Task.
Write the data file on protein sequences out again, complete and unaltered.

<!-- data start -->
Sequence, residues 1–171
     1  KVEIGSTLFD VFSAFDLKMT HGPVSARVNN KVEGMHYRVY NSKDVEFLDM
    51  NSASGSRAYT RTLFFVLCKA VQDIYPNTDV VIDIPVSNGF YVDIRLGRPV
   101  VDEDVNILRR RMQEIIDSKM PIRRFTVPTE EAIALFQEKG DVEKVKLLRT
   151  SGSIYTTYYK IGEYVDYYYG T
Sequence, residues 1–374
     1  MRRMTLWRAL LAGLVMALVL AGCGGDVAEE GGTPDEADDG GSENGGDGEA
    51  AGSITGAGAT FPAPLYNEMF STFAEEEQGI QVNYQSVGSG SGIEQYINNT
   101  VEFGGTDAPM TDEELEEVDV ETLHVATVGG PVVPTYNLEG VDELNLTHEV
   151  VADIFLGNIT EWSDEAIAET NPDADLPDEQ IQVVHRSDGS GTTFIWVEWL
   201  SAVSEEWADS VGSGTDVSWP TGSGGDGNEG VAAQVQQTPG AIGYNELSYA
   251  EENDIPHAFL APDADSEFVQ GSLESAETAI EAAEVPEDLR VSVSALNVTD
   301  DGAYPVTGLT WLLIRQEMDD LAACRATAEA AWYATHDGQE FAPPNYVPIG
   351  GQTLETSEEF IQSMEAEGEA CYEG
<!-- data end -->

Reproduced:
Sequence, residues 1–171
     1  KVEIGSTLFD VFSAFDLKMT HGPVSARVNN KVEGMHYRVY NSKDVEFLDM
    51  NSASGSRAYT RTLFFVLCKA VQDIYPNTDV VIDIPVSNGF YVDIRLGRPV
   101  VDEDVNILRR RMQEIIDSKM PIRRFTVPTE EAIALFQEKG DVEKVKLLRT
   151  SGSIYTTYYK IGEYVDYYYG T
Sequence, residues 1–374
     1  MRRMTLWRAL LAGLVMALVL AGCGGDVAEE GGTPDEADDG GSENGGDGEA
    51  AGSITGAGAT FPAPLYNEMF STFAEEEQGI QVNYQSVGSG SGIEQYINNT
   101  VEFGGTDAPM TDEELEEVDV ETLHVATVGG PVVPTYNLEG VDELNLTHEV
   151  VADIFLGNIT EWSDEAIAET NPDADLPDEQ IQVVHRSDGS GTTFIWVEWL
   201  SAVSEEWADS VGSGTDVSWP TGSGGDGNEG VAAQVQQTPG AIGYNELSYA
   251  EENDIPHAFL APDADSEFVQ GSLESAETAI EAAEVPEDLR VSVSALNVTD
   301  DGAYPVTGLT WLLIRQEMDD LAACRATAEA AWYATHDGQE FAPPNYVPIG
   351  GQTLETSEEF IQSMEAEGEA CYEG